Running a business often amounts to juggling cashflow. The unfortunate reality is that expenses often go out long before the resulting revenue comes in. And that’s the best case scenario where there’s actually revenue. That’s one reason I prefer to write about businesses as a journalist, rather than than actually running one. (I can’t take the instability, or the bookkeeping.)
The Israel-based Fundbox believes that it has a solution for to the short-term cashflow gaps faced by most small businesses. The company offers a data driven form of factoring, or short term loans based on outstanding invoices. The company has been operating operating in stealth for the last year, and today announced a $17.5 million Series A round of funding led by Khosla Ventures.
The Fundbox platform uses an automated risk assessment engine to assesses the risk of each invoice submitted by its borrowers. If approved, these small businesses are asked to pay the loan back via 12-weekly installments, which is typically more than long enough to cover even the most onerous “Net-60″ or “Net-90″ day payment terms.
According Fundbox CEO Eyal Shinar, underlying his company’s online lending platform is a sophisticated algorithm that can approve or deny loan applications within 50 seconds or less. This is thanks to the company’s team of data scientists who have spent the last year looking to turn risk assessment into software code.
“We don’t use any collateral or any old tactics to assess our risk,” Shinar says. “We only rely on data and probabilities.”
Shinar explains that Fundbox’s decision engine is able to rapidly reconstruct a business’s network, gathering not only its financials but social and public data – such as Yelp, LinkedIn, DMV, and other sources – to make a comprehensive assessment of its health and, ultimately, its likelihood of repayment.
Fundbox isn’t the only company to take this sort of approach. LA-based FastPay uses a similar automated platform to lend against digital media receivables, while New York’s CAN Capital offers a similar platform that competes with traditional SBA loans. On the consumer side, companies like Douglas Merrill’s ZestFinance and Max Levchin’s Affirm are using data to lend to sub-prime borrowers.
Of course, just because it’s fast, doesn’t mean that this type of money comes easy to business owners. In order to make informed lending decisions, Fundbox requires access to both company bank accounts, and the personal accounts of its executives. Shinar acknowledges potential privacy concerns, but maintains that no human sets eyes on this data — they are analyzed solely by the algorithmic risk assessment engine. Additionally, he insists the information is kept in the most secure and encrypted manner possible.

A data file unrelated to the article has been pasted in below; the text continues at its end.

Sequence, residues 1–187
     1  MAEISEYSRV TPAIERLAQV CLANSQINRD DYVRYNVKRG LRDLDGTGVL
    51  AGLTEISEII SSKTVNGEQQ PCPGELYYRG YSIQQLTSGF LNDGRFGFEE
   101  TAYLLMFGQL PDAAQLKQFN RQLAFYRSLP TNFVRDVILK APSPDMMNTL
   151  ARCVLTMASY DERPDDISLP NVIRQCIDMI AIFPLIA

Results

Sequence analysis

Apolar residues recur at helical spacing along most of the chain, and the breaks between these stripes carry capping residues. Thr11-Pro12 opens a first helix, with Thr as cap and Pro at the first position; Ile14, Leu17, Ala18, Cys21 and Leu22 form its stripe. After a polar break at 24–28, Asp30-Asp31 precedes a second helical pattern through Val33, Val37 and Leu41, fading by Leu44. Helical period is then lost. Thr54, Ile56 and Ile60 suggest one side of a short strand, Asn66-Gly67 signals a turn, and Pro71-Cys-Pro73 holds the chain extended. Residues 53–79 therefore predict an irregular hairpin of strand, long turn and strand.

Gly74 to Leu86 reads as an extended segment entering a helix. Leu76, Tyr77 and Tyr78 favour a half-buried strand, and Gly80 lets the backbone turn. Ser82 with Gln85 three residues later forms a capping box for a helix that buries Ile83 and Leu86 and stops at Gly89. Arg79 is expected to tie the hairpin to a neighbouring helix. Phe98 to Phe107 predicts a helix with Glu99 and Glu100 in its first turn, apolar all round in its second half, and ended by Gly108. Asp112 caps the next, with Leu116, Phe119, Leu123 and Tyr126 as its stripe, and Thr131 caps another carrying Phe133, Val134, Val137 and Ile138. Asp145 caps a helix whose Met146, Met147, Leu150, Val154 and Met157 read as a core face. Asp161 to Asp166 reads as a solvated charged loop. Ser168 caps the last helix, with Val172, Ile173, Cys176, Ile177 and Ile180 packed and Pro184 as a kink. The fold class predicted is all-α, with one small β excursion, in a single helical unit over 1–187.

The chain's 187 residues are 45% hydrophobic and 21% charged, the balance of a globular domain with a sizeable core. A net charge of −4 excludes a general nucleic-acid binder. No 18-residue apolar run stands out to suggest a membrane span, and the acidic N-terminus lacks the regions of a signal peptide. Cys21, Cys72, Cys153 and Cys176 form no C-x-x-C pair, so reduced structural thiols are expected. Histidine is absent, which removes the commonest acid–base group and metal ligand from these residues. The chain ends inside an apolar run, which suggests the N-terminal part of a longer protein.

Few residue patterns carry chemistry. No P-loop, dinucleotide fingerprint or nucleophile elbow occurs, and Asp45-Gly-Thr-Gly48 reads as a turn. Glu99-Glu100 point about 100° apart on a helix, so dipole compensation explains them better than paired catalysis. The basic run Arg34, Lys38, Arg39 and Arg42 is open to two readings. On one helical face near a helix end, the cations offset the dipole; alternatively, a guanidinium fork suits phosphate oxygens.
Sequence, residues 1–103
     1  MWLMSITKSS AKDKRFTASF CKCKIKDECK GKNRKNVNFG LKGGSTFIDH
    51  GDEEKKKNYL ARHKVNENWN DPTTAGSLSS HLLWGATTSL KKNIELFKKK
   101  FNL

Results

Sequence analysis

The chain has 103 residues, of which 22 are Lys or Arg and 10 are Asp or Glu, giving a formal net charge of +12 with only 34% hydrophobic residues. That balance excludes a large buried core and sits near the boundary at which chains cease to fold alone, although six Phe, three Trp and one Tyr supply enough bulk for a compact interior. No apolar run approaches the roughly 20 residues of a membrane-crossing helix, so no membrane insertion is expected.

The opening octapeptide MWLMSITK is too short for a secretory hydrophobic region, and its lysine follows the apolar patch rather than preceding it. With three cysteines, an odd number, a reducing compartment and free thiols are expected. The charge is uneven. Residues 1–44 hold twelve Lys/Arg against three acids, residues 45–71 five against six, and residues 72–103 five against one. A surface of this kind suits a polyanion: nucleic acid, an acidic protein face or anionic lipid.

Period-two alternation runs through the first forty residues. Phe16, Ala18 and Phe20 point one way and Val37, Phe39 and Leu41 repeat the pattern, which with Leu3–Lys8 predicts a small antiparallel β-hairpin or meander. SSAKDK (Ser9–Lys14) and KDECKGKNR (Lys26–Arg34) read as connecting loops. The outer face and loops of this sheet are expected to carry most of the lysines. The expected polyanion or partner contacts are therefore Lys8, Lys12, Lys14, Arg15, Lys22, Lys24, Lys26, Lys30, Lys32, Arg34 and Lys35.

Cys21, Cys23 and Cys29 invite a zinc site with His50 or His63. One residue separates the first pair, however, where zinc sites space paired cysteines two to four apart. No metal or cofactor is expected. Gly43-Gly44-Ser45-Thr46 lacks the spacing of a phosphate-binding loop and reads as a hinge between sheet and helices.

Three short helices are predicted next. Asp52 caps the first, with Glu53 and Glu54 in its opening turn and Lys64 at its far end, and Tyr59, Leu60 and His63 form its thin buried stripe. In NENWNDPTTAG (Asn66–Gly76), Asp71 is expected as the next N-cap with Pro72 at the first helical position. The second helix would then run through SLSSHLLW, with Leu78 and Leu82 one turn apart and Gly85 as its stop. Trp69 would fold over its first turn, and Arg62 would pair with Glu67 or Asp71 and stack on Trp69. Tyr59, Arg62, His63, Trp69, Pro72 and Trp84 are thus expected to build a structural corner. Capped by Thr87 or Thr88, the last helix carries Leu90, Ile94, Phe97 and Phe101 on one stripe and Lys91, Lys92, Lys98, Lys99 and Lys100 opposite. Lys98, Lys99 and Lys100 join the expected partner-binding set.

“All the decisions are based on numbers,” says the CEO, adding that the Fundbox engine makes the correct decision 99 percent of the time. It sounds good, but how he calculates that figure is another matter. Of course, not every loan application gets accepted, according to Shinar, who says that his service declines 60 percent of the invoices submitted. That means that a single borrower can have one invoice accepted and another rejected, a fact that’s explained, in part, by the health of the invoice counterparty. If it’s Pepsi that owes you money, they’re likely good for it, but Bob’s Hardware, maybe less so.
Fundbox charges a nominal fee of no more than $72 per invoice financed. The company claims that it has grown thousands of borrowers across 42 states within just a few months. Given this initial success, Fundbox plans to use its new capital to double down on what’s working by growing its team to accommodate greater lending scale. The company is, after all, looking to tap what amounts to a $72 million B2B payments market.
The next year will be Fundbox’s real test. It still needs to prove that it can operate at scale without suffering an increase in default rates or untenable churn rates among existing customers. Shinar says the company’s user base has grown triple digits month-over-month – something that’s not that difficult to do when the starting number is miniscule. It likely won’t maintain this pace forever, but it will be telling to see just how quickly it slows down after this “official launch” and the deployment of that $17 million in growth capital.